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Patients With AL Amyloidosis From Lower Socioeconomic Status Report Lower Quality of Life

Jaime Rosenberg
Patients with AL amyloidosis from lower socioeconomic status groups, defined in terms of education or employment, conveyed lower health-related quality of life compared to patients with more years of education and/or professional/managerial positions, according to an abstract presented at the 59th Annual Meeting of the American Society of Hematology.
Patients with AL amyloidosis from lower socioeconomic status (SES) groups had poorer health-related quality of life (HRQoL) when compared to patients with more education and/or professional/managerial positions, according to an abstract being presented at the 59th Annual Meeting of the American Society of Hematology in Atlanta, Georgia.

“SES can affect HRQoL through a variety of mechanisms, including poor access to healthcare, physical and mental comorbidities, low levels of health literacy or health activation, and consequent negative health behaviors,” wrote the study authors.

The cross-sectional, observational study looked at 1289 patients with AL amyloidosis evaluated between 1994 and 2014 at the amyloidosis Center at Boston University. Participants completed the SF-36v1 Health Surveys, within 7 days of their initial evaluation, which assessed HRQoL in relation to 8 domains and 2 component measures:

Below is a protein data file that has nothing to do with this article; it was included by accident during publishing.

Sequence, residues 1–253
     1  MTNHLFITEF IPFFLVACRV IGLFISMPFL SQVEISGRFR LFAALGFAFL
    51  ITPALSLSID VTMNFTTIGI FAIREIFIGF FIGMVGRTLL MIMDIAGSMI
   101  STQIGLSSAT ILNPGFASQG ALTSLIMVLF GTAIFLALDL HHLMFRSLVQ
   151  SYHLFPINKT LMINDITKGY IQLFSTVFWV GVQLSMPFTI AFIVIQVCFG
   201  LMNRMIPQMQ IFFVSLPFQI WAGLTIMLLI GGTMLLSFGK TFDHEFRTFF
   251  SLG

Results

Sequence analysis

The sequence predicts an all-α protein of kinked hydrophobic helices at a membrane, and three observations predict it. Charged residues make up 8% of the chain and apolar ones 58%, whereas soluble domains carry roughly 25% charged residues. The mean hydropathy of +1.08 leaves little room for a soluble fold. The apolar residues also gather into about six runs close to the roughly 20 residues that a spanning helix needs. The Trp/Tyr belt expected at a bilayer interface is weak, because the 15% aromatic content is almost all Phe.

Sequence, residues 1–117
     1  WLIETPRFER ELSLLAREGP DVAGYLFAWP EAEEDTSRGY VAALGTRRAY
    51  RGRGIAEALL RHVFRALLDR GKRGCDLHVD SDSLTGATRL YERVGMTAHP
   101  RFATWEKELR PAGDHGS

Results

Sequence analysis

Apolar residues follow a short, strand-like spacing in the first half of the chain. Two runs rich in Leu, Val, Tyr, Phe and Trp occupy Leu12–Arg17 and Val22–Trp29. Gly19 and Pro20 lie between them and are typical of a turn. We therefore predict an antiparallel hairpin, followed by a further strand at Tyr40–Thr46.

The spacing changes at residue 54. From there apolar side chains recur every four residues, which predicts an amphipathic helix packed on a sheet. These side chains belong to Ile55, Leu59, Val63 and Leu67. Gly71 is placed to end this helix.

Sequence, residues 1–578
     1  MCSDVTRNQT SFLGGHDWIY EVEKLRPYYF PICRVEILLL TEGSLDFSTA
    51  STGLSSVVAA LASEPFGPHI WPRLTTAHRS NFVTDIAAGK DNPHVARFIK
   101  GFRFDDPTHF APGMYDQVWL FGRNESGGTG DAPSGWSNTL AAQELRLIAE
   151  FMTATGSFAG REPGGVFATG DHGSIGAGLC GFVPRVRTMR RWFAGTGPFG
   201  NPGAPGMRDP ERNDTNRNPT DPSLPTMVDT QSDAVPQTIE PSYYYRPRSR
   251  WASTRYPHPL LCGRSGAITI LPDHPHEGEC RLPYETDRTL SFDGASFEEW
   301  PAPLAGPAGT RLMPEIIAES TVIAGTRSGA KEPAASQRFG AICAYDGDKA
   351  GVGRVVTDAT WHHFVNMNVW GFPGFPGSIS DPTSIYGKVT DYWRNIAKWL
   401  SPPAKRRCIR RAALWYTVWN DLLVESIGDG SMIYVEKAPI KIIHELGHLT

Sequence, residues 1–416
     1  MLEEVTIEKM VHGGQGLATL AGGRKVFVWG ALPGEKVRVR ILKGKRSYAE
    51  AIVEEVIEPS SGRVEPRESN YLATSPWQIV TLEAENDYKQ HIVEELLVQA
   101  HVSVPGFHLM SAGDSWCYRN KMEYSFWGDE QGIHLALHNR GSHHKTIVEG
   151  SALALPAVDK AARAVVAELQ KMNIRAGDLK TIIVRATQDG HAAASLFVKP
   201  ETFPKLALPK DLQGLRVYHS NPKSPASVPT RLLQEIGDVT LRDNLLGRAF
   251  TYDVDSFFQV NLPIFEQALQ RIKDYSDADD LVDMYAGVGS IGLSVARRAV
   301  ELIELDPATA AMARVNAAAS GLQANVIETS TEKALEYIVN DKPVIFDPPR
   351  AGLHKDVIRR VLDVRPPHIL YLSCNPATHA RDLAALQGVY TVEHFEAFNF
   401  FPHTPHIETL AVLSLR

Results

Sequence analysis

• Physical functioning (PF)
  • Role limitations due to physical health problems (RP)
  • Bodily pain (BP)
  • General health (GH)
  • Vitality (VT)
  • Social functioning (SF)
  • Role limitation due to emotional health problems (RE)
  • Mental health (MH)
  • Physical (PCS) and mental component summaries (MCS)
Participant SES was determined based upon occupation type and educational attainment. Authors used regression models including each SF-36v1 domain or summary score as a dependent variable to determine if there was a link between SES and HRQoL. The association was determined independent of other characteristics such as type of organ involvement, multi-organ involvement, eligibility for stem cell transplantation, and time since diagnosis.

The models produced results showing patients with less years of education reporting worse HRQoL impairment compared to patients with more education. Differences by educational attainment (with the exception of GH, MH, and MCS) all exceeded a threshold of 1 minimally important difference (MID).

Using occupation at the independent variable for SES, scores also differed drastically by occupation. Patients in other (non-professional/managerial) occupations reported statistically (P < 0.05 for all) and clinically (exceeding 1 MID) substantial deficits on all SF-36v1 scores.

Patients on disability presented significantly worse SF-36v1 scores (P < 0.05 for all), and deficits exceeded 1 MID for all scores. For PF, VT, and PCS, the differences surpassed 2 MIDS. Patients who were retired conveyed significant deficits for PF and RP (P < 0.05 for both).

“Outreach efforts designed to increase the understanding of the disease among community-based clinicians should highlight the additional HRQoL burden and potential need for more comprehensive care among patients with SES groups,” concluded the authors.

The meeting takes place from December 9-12, 2017.

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